As Vanyel has been emotionally abused and neglected for so long, his relationship with Tylendel quickly becomes co-dependant, which leads to tragedy when Tylendel’s family is attacked. Thanks to ill-advised magical manipulations, Vanyel’s latent magical gifts are blasted open, creating a powerful young mage with no control over his many new Gifts. Will Vanyel learn how to control his powers before he destroys himself and those around him?

I could write about how Magic’s Price is as entertaining now as it was when I first read it more than twenty years ago. Or, I could discuss how Mercedes Lackey’s writing improved from Arrow’s Fall, showcasing her growing skills of character development, pacing, and plot. But I’m not going to. Magic’s Price, and indeed the whole of the Last Herald-Mage trilogy has a special place in my heart because of how it helped me grow as a person.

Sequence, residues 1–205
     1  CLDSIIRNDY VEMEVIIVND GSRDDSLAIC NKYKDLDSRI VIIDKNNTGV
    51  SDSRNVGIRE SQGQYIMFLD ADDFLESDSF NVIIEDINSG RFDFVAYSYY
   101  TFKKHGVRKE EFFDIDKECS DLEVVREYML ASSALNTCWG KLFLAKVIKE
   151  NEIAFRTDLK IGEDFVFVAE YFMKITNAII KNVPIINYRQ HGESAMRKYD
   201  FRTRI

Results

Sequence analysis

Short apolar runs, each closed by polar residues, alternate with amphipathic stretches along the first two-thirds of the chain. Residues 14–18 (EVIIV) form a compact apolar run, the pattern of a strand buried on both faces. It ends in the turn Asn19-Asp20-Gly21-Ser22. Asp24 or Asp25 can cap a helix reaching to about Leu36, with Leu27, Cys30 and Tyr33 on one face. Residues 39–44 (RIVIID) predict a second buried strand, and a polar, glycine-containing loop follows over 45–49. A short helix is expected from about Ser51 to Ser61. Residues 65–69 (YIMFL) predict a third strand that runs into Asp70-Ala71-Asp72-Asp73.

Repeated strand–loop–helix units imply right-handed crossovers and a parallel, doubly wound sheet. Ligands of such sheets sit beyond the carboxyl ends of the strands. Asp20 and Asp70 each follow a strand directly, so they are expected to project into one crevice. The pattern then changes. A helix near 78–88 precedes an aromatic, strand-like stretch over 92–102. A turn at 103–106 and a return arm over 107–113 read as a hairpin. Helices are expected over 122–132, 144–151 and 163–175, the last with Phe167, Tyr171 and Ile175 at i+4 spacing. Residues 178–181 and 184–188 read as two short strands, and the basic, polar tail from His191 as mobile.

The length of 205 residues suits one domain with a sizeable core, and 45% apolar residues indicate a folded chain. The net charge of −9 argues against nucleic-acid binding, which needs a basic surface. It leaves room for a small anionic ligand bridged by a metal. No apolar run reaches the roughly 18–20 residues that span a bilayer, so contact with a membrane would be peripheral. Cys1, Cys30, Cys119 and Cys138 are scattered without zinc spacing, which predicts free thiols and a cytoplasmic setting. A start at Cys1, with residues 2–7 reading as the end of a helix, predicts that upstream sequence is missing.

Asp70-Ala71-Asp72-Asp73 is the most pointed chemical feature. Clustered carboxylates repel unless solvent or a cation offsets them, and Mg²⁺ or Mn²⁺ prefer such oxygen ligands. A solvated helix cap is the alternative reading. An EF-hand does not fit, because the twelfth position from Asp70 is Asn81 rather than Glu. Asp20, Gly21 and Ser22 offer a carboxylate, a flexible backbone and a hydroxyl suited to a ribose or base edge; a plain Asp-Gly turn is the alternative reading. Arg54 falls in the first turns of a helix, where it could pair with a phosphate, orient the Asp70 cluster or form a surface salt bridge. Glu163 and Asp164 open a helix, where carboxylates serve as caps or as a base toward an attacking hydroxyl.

Let me take you back to the 1990s. Not so dreadfully long ago calendar-wise, but eons ago when it comes to representation of the LGBTQIA community. When I was growing up in my little town on the prairie, it was still possible for parents and authority figures to keep things entirely hidden from their kids. There were no gay characters in middle-grade or YA books, on kids’ television (or really, on television in general). The internet was not in every home, and it was nearly impossible to find anything before Google came along. We had heard of AIDS in my school, but not how it devastated the gay community. There were ‘Defense of Marriage Acts’ being discussed across the country and ‘Don’t Ask Don’t Tell’ in the military. Until a little show called Will & Grace came along, there were virtually no gay characters in any pop culture venues I came across, and I never watced Will & Grace. So there were no positive LGBTQIA characters in any of the books I read. Mainstream publishers seemed to be doing their best to keep it that way.